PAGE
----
Last year sailing was suspended due to coronavirus restrictions for the first time in 73 years, piling up the bills for her owners, who launched a fundraising campaign in December warning she was at risk.
Just over half of the £30,000 target was reached. But she is now ready to go again after weeks in dry dock in Hull having annual maintenance and safety checks.
It still won’t be easy. Owner Peter Richardson says they will only be able to just cover fuel and crew costs as they will start with just a quarter of the normal number of passengers due to the Covid-19 restrictions.
They'll be starting again on the May Bank Holiday weekend, kicking off with an RSPB charter on May 29.
The first public cruise will be on Sunday 30th at 9.45am when they'll head out to Bempton Cliffs for the visual spectacle of thousands of nesting seabirds, including puffins, razorbills, guillemots, kittiwakes and gannets.
They got a council grant but weren’t successful with bids to the Lottery and others and the £16,000 raised has all gone already
Mr Richardson said: “It still leaves you short. You still have to put in your own money. There’s insurance, harbour dues...”
This year the masts came off for revarnishing and there’s been lots of welding jobs.
Mr Richardson first clapped eyes on Yorkshire Belle when he was a boy - he didn’t want to go on any of the four others operating at the time - and went on to buy her with his business partner in 1982. Of the four, two were scrapped, one is a houseboat on the River Seine, and the other a clubhouse on the Medway.
He says passion keeps him going, the desire to keep the last of the 1,300 vessels built by Beverley shipbuilder Cook, Welton & Gemmell doing the job it was built for back in 1947.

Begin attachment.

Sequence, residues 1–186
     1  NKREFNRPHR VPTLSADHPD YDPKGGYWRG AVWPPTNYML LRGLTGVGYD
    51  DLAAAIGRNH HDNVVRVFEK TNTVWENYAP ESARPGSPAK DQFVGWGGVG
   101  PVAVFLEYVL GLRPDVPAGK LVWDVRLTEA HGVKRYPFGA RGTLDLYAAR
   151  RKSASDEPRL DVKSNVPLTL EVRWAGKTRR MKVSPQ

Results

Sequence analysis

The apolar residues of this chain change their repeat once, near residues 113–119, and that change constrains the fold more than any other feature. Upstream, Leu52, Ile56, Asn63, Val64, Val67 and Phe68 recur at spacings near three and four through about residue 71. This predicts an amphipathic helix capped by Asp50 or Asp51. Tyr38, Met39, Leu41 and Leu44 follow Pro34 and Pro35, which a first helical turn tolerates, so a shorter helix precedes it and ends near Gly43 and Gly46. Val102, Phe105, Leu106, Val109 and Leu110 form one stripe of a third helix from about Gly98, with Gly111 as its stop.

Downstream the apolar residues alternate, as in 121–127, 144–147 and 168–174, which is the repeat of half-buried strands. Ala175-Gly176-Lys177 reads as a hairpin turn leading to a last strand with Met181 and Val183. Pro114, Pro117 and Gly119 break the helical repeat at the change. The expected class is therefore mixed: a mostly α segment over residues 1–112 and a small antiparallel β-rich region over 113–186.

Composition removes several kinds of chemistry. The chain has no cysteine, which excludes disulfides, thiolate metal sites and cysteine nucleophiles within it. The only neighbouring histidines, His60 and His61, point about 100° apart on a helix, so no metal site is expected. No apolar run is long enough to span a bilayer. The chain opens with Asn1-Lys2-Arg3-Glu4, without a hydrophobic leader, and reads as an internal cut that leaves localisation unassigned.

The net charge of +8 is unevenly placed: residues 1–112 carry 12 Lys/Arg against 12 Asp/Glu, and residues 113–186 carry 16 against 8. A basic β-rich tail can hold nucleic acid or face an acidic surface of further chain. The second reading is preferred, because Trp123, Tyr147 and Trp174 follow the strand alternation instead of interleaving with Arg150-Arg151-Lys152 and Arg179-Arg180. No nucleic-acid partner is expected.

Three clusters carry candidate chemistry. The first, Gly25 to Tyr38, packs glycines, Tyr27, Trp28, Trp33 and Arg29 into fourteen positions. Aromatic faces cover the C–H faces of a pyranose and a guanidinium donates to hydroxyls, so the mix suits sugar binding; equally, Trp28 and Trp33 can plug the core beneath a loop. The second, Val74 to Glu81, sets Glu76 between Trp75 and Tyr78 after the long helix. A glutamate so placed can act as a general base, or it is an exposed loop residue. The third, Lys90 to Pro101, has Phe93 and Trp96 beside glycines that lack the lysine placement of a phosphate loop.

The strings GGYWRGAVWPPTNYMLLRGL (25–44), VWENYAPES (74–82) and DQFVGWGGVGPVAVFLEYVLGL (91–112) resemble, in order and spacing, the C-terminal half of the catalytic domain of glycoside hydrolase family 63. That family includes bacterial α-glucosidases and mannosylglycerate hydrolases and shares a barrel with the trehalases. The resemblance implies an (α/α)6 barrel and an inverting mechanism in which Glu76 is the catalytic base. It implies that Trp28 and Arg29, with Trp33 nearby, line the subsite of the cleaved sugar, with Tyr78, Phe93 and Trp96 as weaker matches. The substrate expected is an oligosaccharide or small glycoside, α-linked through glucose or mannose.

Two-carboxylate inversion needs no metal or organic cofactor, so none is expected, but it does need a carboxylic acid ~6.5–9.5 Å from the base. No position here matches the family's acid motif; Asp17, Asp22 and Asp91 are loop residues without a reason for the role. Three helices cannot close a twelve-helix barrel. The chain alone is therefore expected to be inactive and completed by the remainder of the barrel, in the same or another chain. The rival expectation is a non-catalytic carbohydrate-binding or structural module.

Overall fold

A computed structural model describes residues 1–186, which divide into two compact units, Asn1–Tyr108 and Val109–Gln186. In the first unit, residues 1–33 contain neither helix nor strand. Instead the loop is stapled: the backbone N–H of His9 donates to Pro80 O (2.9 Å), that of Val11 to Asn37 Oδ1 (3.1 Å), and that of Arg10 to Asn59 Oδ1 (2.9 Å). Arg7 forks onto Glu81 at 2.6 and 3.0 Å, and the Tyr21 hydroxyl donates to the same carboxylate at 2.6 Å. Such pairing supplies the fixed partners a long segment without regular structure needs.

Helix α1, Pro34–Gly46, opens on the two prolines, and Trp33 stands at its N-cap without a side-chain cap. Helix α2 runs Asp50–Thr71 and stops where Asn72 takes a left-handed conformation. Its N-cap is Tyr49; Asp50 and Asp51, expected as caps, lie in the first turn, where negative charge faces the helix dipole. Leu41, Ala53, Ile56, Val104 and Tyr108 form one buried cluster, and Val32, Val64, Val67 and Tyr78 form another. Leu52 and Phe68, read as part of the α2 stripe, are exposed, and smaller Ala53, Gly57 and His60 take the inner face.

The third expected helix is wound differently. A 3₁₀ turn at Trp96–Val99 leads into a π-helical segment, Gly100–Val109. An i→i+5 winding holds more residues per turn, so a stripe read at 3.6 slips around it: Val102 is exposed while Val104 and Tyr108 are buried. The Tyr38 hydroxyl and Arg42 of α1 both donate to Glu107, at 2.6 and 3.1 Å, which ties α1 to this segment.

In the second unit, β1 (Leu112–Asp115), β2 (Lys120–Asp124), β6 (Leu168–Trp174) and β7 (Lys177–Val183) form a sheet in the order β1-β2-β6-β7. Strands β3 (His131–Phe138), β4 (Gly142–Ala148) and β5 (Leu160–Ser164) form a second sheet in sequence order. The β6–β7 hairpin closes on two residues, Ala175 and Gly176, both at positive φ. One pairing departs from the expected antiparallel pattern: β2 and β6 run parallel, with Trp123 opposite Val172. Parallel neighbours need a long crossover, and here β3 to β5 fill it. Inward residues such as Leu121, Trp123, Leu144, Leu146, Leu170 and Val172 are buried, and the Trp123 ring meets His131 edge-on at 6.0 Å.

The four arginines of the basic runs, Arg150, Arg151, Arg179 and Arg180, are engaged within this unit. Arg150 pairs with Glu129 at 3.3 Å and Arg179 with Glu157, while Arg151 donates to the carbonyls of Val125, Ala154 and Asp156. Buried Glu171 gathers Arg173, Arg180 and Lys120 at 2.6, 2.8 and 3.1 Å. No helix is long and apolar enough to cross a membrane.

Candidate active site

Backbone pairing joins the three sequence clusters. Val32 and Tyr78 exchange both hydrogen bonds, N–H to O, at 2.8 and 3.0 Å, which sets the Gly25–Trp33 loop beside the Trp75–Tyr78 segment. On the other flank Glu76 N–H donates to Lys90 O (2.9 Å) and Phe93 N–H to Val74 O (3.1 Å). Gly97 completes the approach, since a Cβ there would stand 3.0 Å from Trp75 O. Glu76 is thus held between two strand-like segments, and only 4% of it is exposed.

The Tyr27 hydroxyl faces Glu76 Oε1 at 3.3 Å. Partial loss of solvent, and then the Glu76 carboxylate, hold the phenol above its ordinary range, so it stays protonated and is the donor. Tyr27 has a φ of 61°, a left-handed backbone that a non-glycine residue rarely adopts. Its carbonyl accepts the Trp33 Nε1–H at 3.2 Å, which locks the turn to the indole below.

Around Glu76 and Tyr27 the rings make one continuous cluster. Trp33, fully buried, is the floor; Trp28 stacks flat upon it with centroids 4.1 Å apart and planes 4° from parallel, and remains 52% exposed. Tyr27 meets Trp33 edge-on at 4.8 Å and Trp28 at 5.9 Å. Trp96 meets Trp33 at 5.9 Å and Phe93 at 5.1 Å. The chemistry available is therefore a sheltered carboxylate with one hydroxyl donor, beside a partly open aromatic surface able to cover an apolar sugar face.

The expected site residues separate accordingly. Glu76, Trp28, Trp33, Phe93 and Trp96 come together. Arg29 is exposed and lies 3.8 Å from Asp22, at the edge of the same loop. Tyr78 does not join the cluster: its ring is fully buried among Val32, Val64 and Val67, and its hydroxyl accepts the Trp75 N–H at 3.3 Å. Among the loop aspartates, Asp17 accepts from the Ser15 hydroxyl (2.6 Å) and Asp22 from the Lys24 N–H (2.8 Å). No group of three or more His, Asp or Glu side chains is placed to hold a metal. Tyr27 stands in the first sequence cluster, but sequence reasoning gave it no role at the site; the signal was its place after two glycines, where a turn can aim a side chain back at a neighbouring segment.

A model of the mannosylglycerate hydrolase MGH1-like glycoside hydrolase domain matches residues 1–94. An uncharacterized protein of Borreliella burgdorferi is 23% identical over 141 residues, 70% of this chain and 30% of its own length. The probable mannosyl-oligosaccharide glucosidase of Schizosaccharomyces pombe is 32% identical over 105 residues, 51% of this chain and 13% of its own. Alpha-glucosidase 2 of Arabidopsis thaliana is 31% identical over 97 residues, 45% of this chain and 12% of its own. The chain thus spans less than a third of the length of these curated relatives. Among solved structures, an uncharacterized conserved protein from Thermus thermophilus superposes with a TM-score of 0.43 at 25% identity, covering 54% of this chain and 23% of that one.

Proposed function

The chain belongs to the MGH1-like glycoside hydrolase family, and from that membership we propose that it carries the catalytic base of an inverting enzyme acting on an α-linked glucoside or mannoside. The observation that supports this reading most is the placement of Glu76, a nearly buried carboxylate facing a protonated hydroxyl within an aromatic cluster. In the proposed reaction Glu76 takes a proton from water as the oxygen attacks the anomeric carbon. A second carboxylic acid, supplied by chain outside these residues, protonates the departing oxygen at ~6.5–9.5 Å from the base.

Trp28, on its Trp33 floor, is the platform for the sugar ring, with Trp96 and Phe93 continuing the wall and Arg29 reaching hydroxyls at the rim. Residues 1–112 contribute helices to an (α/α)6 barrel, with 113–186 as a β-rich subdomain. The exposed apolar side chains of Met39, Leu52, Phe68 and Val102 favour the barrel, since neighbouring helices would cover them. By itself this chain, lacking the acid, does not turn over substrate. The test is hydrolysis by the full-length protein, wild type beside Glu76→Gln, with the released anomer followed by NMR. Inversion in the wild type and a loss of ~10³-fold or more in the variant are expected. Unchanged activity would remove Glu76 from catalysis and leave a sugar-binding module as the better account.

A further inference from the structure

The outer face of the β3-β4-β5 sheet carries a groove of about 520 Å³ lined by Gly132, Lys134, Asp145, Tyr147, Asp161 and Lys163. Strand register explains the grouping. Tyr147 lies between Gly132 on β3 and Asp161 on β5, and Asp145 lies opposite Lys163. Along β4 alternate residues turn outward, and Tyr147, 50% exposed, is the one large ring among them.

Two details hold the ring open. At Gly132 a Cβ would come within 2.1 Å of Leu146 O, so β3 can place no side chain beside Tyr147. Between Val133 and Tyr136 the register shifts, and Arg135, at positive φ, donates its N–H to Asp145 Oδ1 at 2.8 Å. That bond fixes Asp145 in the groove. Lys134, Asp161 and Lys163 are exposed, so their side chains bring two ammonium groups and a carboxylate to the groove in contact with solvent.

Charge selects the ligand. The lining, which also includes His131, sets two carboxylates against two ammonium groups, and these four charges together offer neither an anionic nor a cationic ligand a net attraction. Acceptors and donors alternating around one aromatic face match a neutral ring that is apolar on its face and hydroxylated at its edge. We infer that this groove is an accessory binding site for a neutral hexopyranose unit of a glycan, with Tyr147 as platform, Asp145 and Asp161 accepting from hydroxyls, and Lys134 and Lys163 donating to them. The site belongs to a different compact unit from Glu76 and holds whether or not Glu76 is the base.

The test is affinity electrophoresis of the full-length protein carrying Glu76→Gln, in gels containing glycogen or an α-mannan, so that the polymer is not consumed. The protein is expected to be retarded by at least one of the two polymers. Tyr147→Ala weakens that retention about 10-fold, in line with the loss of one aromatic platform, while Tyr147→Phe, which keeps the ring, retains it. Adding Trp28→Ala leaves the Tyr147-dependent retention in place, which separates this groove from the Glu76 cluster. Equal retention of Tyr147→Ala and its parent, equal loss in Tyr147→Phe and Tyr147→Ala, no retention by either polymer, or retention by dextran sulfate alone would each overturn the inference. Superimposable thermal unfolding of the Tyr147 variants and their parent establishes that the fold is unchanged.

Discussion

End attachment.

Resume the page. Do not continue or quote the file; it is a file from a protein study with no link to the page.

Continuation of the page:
And he's most looking forward to being out on the sea again "feeling the motion of the boat" and seeing the joy of the passengers.
The work has been taking place at Deans Marine Services on Lime Street, Hull, where owner John Dean mixes paying jobs like the Yorkshire Belle, with some ingenious remodelling of vessels, which he saves from the scrapyard.
Mr Dean, who has been on the river since he was just two, also provides skipper and engineering services to tugs, barges and work boats on the rivers Hull, Humber and Trent.
A typical job is doing up a big, old rustbucket of a dredger, which he bought for £1 and is moored up alongside five other projects in in his wet berth.
It had been “arrested” by the Maritime and Coastguard Agency for not being seaworthy leaving the Humber and had been laid up at Grimsby, where it had been stripped of “everything that was worth anything”.
“They asked numerous scrapyards to take it away, but no one wanted it, so they asked me,” said Mr Dean. So far they’ve renovated one side.
“You can’t tell but last year we put £40,000 into it,”he said. “If we get any time we will renovate this side, cut the top off and put a brand new one on, and turn it back into a working dredger.”
Four years ago Mr Dean was tasked with clearing the River Hull for East Riding Council of sunken boats which were blocking the channel.
One of them was an 80ft barge, which just had a bit of its roof protruding above the waterline.
After refloating it by sticking plastic buckets in the portholes and then pumping it out, it came down to Hull. Having bought it for £1 from the council, it was subsequently sold for £30,000.
He says he could make more money by going to work for a firm, but adds: “I’m John Dean the second, and everybody knows me, and that means more to me than being rich.”